“It is not in the heavens, that you should say, ‘Who among us can go up to the heavens and get it for us and impart it to us, that we may observe it?’”  (Deuteronomy 30:12)

            This week I want to become a bit mystical.  I want to look at the question, where is the Torah?  Many would find the answer obvious.  The Torah is in the holy ark in the synagogue, except when we take it out to read it on Shabbat mornings and certain other times.  That is the Torah scroll, the Five Books of Moses carefully written on a scroll by a scribe.  But if we define Torah as “God’s teaching,” where is it?  Let me answer as the mystics might have answered this question.

            According to a very old Rabbinic tradition, God had a copy of the Torah when God created the world.  Just as an architect has blueprints to design a building, so the Torah was the blueprint of the world.  This obviously was not the written Torah scroll.  Rather it is a primordial Torah, fundamental teachings about the purpose of this world.  Mystics called this the Torah Kelulah, “the Torah of the all-in-all.”  It is a vision of the Torah similar to the Ideal Forms of Plato, something that existed from the beginning in some spiritual dimension.

            Where did the Rabbi’s get this idea of a primordial Torah?  They read the first word of the Torah Beraishit not as “in the beginning” but as “with wisdom.”  Based on a verse from Proverbs, the word Raishit also can mean “wisdom.”  God possessed a primordial wisdom, what we call Torah, and used this to create a world.  In fact, the Jewish philosopher Philo, influenced by the Greeks, taught that Logos or the “word” existed from the beginning and God used it to create the world.  The Christians took off on this idea, where the book of John says, “In the beginning was the Logos and the Logos was with God the Logos was God.”  To Christians the Logos was Christ.  To Jews the Logos was the Torah.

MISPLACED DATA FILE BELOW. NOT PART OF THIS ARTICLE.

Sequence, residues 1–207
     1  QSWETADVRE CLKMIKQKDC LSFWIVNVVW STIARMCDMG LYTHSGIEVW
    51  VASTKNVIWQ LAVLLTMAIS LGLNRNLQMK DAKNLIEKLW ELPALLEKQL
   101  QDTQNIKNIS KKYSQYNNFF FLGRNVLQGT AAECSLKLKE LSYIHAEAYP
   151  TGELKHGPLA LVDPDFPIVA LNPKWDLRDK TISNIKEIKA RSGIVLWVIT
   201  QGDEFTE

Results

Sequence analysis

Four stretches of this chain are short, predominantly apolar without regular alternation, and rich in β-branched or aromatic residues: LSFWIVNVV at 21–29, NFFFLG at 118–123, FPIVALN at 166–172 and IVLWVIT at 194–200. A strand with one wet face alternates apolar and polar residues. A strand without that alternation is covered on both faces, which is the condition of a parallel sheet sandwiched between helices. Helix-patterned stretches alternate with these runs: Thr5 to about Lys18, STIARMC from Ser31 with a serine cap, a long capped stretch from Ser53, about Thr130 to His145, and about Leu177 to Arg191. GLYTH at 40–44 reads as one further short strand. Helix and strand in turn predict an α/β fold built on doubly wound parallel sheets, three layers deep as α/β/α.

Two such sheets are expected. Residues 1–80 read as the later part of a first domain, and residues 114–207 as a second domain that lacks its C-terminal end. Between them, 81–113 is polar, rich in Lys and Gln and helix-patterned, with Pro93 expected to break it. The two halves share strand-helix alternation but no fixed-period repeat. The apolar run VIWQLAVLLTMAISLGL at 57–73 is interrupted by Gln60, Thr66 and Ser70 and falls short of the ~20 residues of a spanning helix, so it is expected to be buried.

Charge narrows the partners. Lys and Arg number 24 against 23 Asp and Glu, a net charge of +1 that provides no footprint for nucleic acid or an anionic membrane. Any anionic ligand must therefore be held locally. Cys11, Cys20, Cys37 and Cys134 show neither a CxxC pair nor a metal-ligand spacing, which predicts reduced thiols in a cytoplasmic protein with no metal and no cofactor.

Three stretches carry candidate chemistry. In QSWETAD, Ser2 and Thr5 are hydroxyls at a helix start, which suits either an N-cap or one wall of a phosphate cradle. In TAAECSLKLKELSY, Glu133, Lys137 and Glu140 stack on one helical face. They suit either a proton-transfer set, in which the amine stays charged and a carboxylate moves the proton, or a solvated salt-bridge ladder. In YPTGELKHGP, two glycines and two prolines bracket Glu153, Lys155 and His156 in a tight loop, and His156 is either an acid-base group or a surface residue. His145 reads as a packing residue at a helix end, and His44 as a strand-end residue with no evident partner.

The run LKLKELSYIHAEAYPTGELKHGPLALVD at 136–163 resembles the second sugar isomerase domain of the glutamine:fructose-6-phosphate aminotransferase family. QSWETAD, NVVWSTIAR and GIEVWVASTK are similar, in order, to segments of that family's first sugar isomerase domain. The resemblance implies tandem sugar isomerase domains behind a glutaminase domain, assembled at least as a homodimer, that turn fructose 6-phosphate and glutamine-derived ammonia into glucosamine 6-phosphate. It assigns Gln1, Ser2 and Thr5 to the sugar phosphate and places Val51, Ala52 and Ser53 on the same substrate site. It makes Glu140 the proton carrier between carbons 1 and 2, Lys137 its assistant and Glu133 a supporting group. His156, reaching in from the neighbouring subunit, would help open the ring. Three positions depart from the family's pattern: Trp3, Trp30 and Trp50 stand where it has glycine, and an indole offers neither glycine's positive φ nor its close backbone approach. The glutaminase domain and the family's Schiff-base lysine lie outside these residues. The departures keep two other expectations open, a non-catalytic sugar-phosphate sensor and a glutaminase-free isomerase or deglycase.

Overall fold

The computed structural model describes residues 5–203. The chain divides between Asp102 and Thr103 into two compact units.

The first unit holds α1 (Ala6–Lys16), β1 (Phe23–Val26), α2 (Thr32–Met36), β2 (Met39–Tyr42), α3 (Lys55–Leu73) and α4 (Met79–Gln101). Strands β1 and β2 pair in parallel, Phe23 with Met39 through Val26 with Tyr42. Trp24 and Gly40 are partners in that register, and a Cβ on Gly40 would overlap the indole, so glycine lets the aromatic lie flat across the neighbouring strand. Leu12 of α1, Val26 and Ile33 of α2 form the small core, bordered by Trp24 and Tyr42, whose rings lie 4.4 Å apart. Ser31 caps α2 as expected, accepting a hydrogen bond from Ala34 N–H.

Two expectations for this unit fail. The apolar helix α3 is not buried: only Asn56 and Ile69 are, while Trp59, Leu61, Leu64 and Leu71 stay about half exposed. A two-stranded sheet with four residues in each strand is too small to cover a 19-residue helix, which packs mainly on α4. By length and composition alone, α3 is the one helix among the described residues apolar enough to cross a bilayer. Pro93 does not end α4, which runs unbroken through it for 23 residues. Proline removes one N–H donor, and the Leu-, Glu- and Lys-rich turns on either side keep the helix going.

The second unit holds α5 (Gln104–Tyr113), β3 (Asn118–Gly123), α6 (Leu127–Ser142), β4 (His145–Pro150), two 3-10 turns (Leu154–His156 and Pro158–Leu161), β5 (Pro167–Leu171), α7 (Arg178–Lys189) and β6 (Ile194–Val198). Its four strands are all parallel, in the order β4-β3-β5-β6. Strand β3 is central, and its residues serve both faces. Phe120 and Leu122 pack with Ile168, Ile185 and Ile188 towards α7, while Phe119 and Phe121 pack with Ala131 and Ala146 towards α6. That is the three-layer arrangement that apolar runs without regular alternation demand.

If a primordial Torah existed from the beginning, what about the written Torah we read each Shabbat?  This is already a human interpretation of this primordial Torah. The great Rabbi Abraham Joshua Heschel famously said, “The Torah is a minimum of revelation and a maximum of interpretation.”  The Torah is an interpretation by Moses of God’s primordial teachings.  This primordial Torah, which was with God from the beginning, was given over to humans for interpretation.

            Perhaps this is made most clear in a wonderful story in the Talmud (Baba Metzia 59b).  Rabbi Eliezer argued against the other Rabbis regarding a point of Jewish law.  He brought a number of miraculous proofs that he was correct.  A carob tree jumped from its spot, a river ran backwards, the walls of the house of study leaned in.  The Rabbis responded to the tree, the river, and the walls, stay out of the argument!  Finally, a voice called out from heaven, “why do you argue with Rabbi Eliezer?”  The Rabbis responded with a quote from this week’s portion, lo be’shamiyim hee, “The Torah is not in heaven.”   Rabbi Eliezer is wrong, the Torah is not in heaven but here with us, and the law follows the majority of Rabbis.

            The Talmud continues, at that moment Elijah visited with God.  He reported that God started laughing and said, “My children have defeated me, my children have defeated me.”  The Torah is no longer in heaven, no longer with God.  The Torah has been given to the Rabbis in each generation to interpret.

            So where is the Torah?  We will define the Torah as God’s primordial teaching on how we are to live in the world.  And that primordial teaching has been given to the Rabbis of each generation to explain and interpret, according to their best understanding.  Where is the Torah?  It has been given to us.  We must interpret and apply it according to the needs of our generation.  May we learn to appreciate the gift of the Torah.